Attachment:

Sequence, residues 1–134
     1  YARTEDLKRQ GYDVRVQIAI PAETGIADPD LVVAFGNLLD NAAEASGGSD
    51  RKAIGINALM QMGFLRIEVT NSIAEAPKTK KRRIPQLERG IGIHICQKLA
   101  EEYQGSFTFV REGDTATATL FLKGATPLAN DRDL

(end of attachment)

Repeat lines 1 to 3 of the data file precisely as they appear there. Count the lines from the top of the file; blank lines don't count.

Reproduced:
Sequence, residues 1–134
     1  YARTEDLKRQ GYDVRVQIAI PAETGIADPD LVVAFGNLLD NAAEASGGSD
    51  RKAIGINALM QMGFLRIEVT NSIAEAPKTK KRRIPQLERG IGIHICQKLA